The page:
Kalamazoo, MI: Often, when thinking of the Fourth of July, one of the first things that come to mind are big, beautiful fireworks, with vibrant colors that light up a summer night’s sky. In the midst of all this holiday grandeur, it is important to understand fireworks safety and how to prevent tragedy during your July 4th celebration.
In 2013, 65 percent or 7,400, of all firework injuries occurred in the 30 days surrounding July 4th. The majority of these injuries occurred simply because of the malfunction or improper use of legal and illegal fireworks.
Here are some ways fireworks can malfunction:
• Inconsistent flight paths
• Tip-over incidents
• Early or late ignitions
• Debris and blowouts
You, your friends, and family can be put at risk by:
• Purchasing and using illegal fireworks;
• Letting children use fireworks, including sparklers and firecrackers;
• Creating or modifying any fireworks;
• Igniting fireworks too close to someone or something; and
• Setting off fireworks improperly.
Small fireworks, like bottle rockets, sparklers, and small firecrackers can appear harmless to children, but during the 30 days surrounding July 4, these kinds of fireworks injured an estimated 1,000 children under the age of 5.
If you do decide to buy fireworks, be sure to take the following safety steps:
• Never allow young children to play with or ignite fireworks.
• Avoid buying fireworks that come in brown paper packaging; often, this can often be a sign that the fireworks were made for professional displays and could pose a danger to consumers.
• Never have any portion of your body directly over a fireworks device when lighting the fuse.
• Move away to a safe distance immediately after lighting.
• Never try to re-light or pick up fireworks that have not gone off or fully functioned.
• Never point or throw fireworks at another person.
• Keep a bucket of water or a garden hose handy in case of fire or other mishap.
• Light one item at a time, then move away quickly.
• After fireworks have gone off and fully functioned, douse the spent device with plenty of water from a bucket or hose before discarding, to prevent a trash fire.
• Make sure fireworks are legal in your area before buying or using them.
• Know the risks. Prevent the tragedies. And, have an injury-free Fourth!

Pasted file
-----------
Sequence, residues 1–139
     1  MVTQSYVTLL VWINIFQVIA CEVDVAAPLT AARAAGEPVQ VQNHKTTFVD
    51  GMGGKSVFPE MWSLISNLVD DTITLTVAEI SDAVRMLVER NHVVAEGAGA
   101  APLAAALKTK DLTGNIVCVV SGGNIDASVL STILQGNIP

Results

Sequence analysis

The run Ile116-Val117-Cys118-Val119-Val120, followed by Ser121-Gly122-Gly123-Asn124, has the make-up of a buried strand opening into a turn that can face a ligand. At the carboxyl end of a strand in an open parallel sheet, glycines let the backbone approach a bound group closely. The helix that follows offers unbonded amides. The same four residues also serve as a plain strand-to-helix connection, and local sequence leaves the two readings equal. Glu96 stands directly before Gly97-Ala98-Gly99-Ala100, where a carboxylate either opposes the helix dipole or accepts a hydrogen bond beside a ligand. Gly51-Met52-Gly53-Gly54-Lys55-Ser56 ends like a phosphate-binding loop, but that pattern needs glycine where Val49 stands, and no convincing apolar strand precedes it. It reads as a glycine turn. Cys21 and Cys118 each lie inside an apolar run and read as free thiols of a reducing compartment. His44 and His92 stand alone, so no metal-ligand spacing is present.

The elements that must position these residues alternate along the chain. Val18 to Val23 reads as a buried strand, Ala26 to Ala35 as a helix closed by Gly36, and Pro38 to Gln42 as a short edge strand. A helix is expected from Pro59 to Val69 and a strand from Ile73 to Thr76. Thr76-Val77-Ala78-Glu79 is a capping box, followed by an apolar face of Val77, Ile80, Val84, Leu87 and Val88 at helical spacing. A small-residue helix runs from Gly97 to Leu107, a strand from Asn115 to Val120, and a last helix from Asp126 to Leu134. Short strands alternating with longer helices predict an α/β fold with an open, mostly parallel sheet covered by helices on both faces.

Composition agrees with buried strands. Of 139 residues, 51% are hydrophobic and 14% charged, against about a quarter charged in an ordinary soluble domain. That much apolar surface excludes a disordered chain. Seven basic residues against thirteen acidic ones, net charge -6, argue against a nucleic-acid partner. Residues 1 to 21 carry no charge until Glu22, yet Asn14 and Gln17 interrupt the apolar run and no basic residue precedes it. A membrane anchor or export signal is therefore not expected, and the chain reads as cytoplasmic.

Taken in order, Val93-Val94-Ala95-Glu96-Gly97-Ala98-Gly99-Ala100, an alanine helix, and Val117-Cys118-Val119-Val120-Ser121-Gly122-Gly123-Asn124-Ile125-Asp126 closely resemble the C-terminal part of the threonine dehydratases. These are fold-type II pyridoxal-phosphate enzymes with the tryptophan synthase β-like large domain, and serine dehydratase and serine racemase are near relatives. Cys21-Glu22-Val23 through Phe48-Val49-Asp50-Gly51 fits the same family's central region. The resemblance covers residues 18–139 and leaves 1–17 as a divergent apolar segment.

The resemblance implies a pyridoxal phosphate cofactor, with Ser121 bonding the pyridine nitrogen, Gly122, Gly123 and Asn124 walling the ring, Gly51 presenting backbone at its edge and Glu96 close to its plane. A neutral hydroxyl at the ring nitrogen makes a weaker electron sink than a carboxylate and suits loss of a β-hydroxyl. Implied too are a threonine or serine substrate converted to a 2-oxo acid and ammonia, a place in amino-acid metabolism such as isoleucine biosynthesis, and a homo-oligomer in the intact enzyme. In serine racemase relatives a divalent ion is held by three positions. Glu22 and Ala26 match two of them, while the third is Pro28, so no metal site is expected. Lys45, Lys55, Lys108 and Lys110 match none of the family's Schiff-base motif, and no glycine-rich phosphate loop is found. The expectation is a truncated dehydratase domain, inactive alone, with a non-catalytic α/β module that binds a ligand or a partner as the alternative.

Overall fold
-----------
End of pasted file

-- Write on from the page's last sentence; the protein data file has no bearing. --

A few steps of prevention can eliminate a disastrous injury or fire. Further information can be obtained at www.fireworksafety.com and www.NFPA.org.
For more information from the Fire Marshal’s office, please visit: www.kalamazoopublicsafety.org/inside-kdps/divisions/81-fire-marshal
City of Kalamazoo Code of Ordinances
Fireworks devices that are designed to produce visible effects by combustion, that are required to comply with the construction, chemical composition, and labeling regulations promulgated by the United States Consumer Product Safety Commission under 16 CFR Parts 1500 and 1507, and that are listed in APA Standard 87-1, 3.1.2, 3.1.3, or 3.5. "Consumer fireworks" does not include low-impact fireworks.
Ground and handheld sparkling devices, as that phrase is defined under APA Standard 87-1, 3.1., 188.8.131.52.1 to 184.108.40.206.8, and 3.5.
An individual who is less than 18 years of age.
§ 15-30. Consumer fireworks prohibitions.
A. A person shall not ignite, discharge or use consumer fireworks except during permitted hours on the day preceding, the day of, or the day after a national holiday.
B. No person shall ignite, discharge or use consumer fireworks between the hours of 12 midnight and 8:00 a.m. of the day preceding, the day of, or the day after a national holiday, except that on New Year's Day no person shall ignite, discharge or use consumer fireworks between the hours of 1:00 a.m. and 8:00 a.m.
C. No person shall ignite, discharge or use consumer fireworks on public property, school property, church property or the property of another person without that organization's or person's express permission to use consumer fireworks on those premises.
D. Consumer fireworks shall not be sold to a minor.
§ 15-31. General noise prohibition. The ignition, discharge or use of consumer fireworks shall be subject to the general prohibition contained at § 21-6 of the Kalamazoo City Code, which addresses continued excessive or unusually loud noise, measured or unmeasured, which disrupts, injures or endangers the comfort, repose, health, peace or safety of any person within the limits of the City.
§ 15-32. Penalties. A person who violates this article is responsible for a municipal civil infraction and may be ordered to pay a civil fine of not more than $500.
By authority of: Assistant Chief Ryan Tibbets
Date: July 2, 2014
Address: 150 E. Crosstown Pkwy. Suite A, Kalamazoo, MI 49001
Contact: Fire Marshal James Williams, 337-8123